Unfortuanatly, your amp will probably only put out around 150 watts RMS at 8 ohms, which is way below what your subwoofer is rated at. But it should move the woofer, and hopefully get some reasonable bass out of it.

    Agreed - in theory, the amp should produce half as much power at 8-ohms as 4-ohms, giving you the same power as the single channel setup (but that is a known stable condition).  In reality, it sometimes gives a bit more power in the bridged 8-ohm mode. 

    You could try hooking the subwoofer up in parallel, which would make the total impedance 2 ohms. Keep in mind that the amp is not rated stable at that low of an impedance, so your amplifier could get very hot, go into protect mode, blow fuses, etc. However, I had a Rockford Fosgate Power 350S amplifier that I ran bridged at 2 ohms, and it ran great. Just keep in mind that it is NOT recommended by Rockford Fosgate or Crutchfield, and that just because mine ran great doesn't mean that yours will.

    Agreed - might work, might burn up the amp - could take the sub with it as well when the amp goes, I think.  Not recommended, but might work. 

    2002 Ford Focus JVC KD-A815 Sony CDX-GT410u Sony XT-100HD HD Tuner Stock speakers, no amp, no subs

  • That's what I figured.  Thanks for the help!  I really appreciate it!!!
  • i have a quick question. I have two rockford fosgate 12 inch subs. one is 8 ohms and one is 4 ohms. i went to a local audio place and they said that all i needed was a mono channel amp and that would give sufficient power to both my subs and it would be fine. So my question to you is, can i just get a mono amp or should i try to sell one and get one of the same ohm power? im not sure wat to do.

  • You really need both subs to match when running them off a single mono amp.

    GLH Geeked

  • Try to sell one and find a different audio shop.

    See here.

    Short answer - assuming they are both Single-Voice-Coil (SVC), you could wire them in parallel at 2.667-ohms, but the 4-ohm sub would see twice the power - so if the 4-ohm sub was 500W RMS, and the 8-ohm sub was 250W RMS, and you bought an amp that was around 900W RMS @ 2-ohms, you would be okay power-wise, but it probably wouldn't sound great anyway.

    Now if by chance, they are the same RMS and the 8-ohm sub is DVC (or really vice-versa also), you can do much better, but for ideal sound you really want both subs to be identical brand, make, model (and ideally year of manufacture).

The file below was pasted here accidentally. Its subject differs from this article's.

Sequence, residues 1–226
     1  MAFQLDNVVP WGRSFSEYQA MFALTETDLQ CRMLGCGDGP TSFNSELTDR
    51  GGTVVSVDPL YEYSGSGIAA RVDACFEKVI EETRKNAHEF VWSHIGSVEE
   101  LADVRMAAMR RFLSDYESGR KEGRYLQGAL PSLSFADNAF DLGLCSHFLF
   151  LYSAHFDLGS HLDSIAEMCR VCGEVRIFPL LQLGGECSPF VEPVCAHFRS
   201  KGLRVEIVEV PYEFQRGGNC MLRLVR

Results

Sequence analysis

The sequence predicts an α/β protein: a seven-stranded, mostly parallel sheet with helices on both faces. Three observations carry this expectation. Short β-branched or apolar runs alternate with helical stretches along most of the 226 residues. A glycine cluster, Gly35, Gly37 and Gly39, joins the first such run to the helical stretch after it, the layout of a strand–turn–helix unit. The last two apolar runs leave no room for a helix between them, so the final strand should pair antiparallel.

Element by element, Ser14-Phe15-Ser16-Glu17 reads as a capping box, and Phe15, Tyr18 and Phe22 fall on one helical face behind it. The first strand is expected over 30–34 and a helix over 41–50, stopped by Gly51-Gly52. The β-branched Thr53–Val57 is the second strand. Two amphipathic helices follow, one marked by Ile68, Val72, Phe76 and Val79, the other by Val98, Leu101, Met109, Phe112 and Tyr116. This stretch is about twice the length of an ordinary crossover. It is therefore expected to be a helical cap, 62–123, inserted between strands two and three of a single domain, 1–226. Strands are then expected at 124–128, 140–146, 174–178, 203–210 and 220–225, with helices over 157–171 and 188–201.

Hope This Helps!!!

    2002 Ford Focus JVC KD-A815 Sony CDX-GT410u Sony XT-100HD HD Tuner Stock speakers, no amp, no subs

  • go online and check out the owners manual for that amp. I'm almost positive that amp is stable at 2 ohms. most punch and power amps are stable down to 1 ohm. you certainly won't hurt the amp by running it at 8 ohms either. you should be quite alright running it either 2 or 8 ohms for your amp. another thing you can do is call your local rf dealer they will tell you.

  • http://www.crutchfield.com/learn/how-to-match-subwoofers-and-amplifiers.html?g=500&tp=13

     

    All the info you could possibly need

  • Amp isn't 2-ohm stable bridged.

    (And yes, the thread is almost 3 years old and the post I am replying to is almost 10 months old.Devil

    2002 Ford Focus JVC KD-A815 Sony CDX-GT410u Sony XT-100HD HD Tuner Stock speakers, no amp, no subs

  • I dont really have an answer, but you question made me wonder, can you hook up a 4-ohm subwoofer to an 8-ohm home audio reciever? 

    Im wondering this because I have two Kicker Comp 12in in the kicker box at 4-ohms, and the only home reciever I have is 8-ohm.

     

    If you wondering why I don't connect them to my car, is because I don't have a car yet, I'm 15.  

     

    I wanna be able to use these in my house and I just wanna know if I can with what I have...

  • Home amps generally are not rated as stable under 8 ohms.  If your receiver has a subwoofer channel you could wire the 2 subs in series for 8 ohms.  My guess though is that your home amp probably isn't much more than 100w @ 8ohms.  That is woefully insufficient to run 2 Kicker Comp 12's.

    • Pioneer DEH-80PRS
    • Kicker ZX700.5 5ch amp 4x90w + 1x570w
    • 12" JBL P1220 Factory Ported Enclosure
    • 2-12" Polk Audio DXI-124 Custom Ported (soon)
    • Polk Audio dB651 6.5" & dB 691 6"x9"
  • Some home amps will work at 4-ohms - most won't.

    If I read the post correctly, though, I think you likely have two Kicker Comp SVC-8-ohm subs in a box at 4-ohms final.  You can't wire those in series for 8-ohm at the amp, but they are 150W RMS subs and you could connect ONE of them to the amp and get decent results (assuming the box is divided so the sub isn't seeing double the airspace it wants.

    Hope This Helps!!!

    Anyone else have suggestions?

    2002 Ford Focus JVC KD-A815 Sony CDX-GT410u Sony XT-100HD HD Tuner Stock speakers, no amp, no subs